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T-34 Mentor trainer aircraft memorial flight at MAPS Air Museum on 9/11

As the nation commemorates the 21st anniversary of the 9/11 terror attack on the World Trade Centers in New York, a squadron of privately-owned T-34 Mentor aircraft retired from military service will honor the memory of those killed and injured by the terror attack as well as those who fight against terrorism, according to a news release. The T-34 Association will perform an aerial display above the Military Aviation Preservation Society Air Museum, a not for profit organization, at 8:46 a.m. Sept. 11.

The T-34 Association is a civilian organization formed in July 1975 for owners of military surplus T-34As as a support organization for the aircraft. Today there are more than 600 members in the association although most do not own aircraft.

The T-34 planes began production at the Beech Aircraft Factory in 1954 as a primary military aircraft trainer. Beech turned out almost 2,000 of the T-34A and B piston-powered propeller-driven models. These were superseded by the turbine-powered C model and the A and B models went for sale as surplus. The US Navy, Marines, and NASA still operate the T-34C turbine version for various missions, such as primary training, range clearing, and chase planes.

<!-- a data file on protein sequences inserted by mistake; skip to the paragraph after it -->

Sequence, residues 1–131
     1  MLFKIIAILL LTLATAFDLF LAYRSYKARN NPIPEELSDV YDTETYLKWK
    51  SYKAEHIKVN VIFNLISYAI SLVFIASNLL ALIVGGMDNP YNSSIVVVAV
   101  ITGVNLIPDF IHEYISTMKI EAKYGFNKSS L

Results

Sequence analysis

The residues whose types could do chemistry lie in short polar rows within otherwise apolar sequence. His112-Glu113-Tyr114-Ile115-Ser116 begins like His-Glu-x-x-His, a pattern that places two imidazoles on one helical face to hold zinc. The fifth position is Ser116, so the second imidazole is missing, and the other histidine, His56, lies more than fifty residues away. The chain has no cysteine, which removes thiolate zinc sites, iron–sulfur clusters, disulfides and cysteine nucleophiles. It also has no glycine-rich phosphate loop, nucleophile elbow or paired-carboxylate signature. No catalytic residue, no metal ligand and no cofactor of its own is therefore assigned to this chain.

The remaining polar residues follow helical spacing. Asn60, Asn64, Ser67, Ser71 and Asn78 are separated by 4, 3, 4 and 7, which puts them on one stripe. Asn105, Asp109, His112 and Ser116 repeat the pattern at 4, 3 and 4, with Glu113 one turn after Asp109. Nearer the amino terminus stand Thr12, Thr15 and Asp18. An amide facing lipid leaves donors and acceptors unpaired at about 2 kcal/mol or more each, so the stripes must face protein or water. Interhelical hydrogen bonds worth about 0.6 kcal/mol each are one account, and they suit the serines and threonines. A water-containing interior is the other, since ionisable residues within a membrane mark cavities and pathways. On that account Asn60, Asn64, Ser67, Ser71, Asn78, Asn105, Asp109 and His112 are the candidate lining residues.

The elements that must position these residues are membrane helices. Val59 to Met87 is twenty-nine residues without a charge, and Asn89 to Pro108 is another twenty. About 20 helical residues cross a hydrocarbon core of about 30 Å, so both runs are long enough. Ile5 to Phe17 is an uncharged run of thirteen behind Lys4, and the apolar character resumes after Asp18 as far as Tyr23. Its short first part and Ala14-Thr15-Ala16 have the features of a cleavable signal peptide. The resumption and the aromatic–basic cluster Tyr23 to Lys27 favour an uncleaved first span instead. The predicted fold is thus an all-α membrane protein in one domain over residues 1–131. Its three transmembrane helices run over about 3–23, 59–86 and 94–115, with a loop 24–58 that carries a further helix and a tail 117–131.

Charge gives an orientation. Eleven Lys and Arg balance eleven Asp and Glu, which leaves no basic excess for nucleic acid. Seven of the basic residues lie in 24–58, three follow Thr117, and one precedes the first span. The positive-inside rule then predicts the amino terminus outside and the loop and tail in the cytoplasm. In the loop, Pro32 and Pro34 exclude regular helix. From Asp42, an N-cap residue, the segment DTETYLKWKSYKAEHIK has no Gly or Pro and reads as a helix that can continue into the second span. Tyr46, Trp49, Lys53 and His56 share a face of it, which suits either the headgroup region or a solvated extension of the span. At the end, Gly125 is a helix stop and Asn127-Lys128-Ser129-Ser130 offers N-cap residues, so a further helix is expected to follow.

The fly-over coincides with the MAPS pancake breakfast.

MAPS Air Museum is an internationally known museum of aviation with more than 40 aircraft on display or in various stages of restoration, ranging from a wood and fabric glider of the Wright Brothers era to a Navy F-14 Tomcat, the type that had a prominent role in Top Gun: Maverick.

The museum serves as a center of aviation history for Northeast Ohio. The museum features educational displays of its collection of acquired artifacts, interactive exhibits, and historical archives in its own library.

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